literary field, contemporary French novels were translated, and the divan lyric
was heavily criticized.
This is especially true of Namık Kemal, who, as a writer, journalist and
magazine publisher, helped found the modern literary public in Turkey. This
development was continued by the visionary and socially committed lyricist and
social debater Tevfik Fikret.
The Republican literature from 1923 until the 1960's continued the optimism
and belief in progress. This applies, for example, to the patriotic
writers Halide Edib Adıvar and Yakub Kadri Karaosmanoğlu (1889-1974), whose
novels are about the war against the Greeks and the opposition between city and
It was not only the belief in modernity that was at the center, but also the
interest in Anatolia as the new Turkish territory that was to be cultivated and
be the opposite of the Ottoman Empire's association with Islam and the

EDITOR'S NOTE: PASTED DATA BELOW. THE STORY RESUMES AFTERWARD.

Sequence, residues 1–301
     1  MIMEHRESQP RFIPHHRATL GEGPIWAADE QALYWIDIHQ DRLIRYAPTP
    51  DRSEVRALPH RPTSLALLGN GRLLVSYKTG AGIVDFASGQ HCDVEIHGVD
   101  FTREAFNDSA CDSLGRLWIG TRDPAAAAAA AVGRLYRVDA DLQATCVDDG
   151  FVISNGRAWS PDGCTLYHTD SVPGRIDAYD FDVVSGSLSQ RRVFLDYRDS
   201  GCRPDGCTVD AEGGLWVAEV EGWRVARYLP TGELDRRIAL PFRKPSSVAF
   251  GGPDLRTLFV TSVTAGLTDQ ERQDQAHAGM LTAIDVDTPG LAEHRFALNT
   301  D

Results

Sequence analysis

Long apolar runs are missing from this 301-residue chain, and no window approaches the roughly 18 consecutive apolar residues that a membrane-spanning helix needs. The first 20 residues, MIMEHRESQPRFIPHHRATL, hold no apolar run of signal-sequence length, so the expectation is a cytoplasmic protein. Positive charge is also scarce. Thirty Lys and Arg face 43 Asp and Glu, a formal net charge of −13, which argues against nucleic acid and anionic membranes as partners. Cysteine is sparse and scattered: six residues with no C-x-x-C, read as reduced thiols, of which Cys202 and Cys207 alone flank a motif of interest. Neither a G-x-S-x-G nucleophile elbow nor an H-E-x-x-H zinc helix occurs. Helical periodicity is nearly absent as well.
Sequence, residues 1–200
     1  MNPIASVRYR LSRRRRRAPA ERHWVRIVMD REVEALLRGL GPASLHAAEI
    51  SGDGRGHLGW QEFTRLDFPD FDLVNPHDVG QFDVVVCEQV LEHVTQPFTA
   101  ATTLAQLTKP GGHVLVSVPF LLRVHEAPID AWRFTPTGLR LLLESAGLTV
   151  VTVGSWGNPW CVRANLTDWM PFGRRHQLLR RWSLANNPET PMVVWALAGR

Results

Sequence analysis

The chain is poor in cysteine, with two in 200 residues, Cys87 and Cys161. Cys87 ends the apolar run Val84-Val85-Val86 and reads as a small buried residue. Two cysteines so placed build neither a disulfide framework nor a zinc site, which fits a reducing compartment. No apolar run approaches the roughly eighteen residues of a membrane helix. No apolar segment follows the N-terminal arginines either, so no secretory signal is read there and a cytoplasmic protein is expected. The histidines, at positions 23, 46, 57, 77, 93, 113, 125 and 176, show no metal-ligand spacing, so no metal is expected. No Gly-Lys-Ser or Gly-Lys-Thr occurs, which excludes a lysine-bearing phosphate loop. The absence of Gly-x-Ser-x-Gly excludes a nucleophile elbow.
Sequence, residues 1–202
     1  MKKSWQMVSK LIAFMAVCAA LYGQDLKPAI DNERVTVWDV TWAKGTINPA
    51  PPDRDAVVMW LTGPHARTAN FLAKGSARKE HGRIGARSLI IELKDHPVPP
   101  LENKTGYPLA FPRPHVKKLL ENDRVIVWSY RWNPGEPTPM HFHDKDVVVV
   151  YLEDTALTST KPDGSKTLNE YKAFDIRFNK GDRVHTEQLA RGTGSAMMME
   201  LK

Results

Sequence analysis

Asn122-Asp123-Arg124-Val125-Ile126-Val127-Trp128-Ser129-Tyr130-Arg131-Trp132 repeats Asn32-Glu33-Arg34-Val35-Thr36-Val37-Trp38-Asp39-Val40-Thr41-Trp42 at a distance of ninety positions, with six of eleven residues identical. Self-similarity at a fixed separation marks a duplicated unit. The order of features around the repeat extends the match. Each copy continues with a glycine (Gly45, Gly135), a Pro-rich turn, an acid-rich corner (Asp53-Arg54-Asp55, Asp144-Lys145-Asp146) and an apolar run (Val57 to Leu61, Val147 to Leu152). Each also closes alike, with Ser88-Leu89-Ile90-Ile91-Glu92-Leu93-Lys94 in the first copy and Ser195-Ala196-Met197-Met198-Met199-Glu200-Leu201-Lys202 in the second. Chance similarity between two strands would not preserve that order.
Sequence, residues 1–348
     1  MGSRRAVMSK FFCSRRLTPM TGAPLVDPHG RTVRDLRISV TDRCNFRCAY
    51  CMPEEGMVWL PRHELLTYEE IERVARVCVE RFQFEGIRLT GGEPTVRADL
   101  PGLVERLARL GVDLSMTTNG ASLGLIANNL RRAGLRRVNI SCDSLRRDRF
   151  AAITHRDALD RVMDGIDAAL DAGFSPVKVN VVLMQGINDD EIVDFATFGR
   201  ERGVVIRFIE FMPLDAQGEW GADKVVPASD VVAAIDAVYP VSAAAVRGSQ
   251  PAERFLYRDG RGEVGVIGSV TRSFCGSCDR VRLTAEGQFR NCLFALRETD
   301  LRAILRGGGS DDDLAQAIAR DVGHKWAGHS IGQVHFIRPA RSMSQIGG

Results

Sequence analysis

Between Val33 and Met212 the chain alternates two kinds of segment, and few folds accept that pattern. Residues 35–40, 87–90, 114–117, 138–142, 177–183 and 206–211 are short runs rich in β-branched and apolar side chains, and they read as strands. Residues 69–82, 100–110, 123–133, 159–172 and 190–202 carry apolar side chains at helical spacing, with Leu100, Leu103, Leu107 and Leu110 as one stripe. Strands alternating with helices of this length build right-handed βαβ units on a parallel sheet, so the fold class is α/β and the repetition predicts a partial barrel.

The interest in everyday life, the popular and a simple language also
included the so-called village teacher literature, with Mahmut Makal's (b. 1933)
novel Our Village (1950) and Yaşar Kemal's epic novels building a
modern mythology with elements from the pre - Ottoman period.
While realism was often linked to a socialist commitment to society, as
with Aziz Nesin, Tahir Demir Kemal and Orhan Kemal,
emigrant literature emerged in the 1960's less marked by political theses,
depicting the lives of former villagers in Western Europe, such as Fakir
Baykurt, Aras Ören (b. 1939) and Güney Dal (b. 1944).
An important part of republican literature is modern theater, inspired by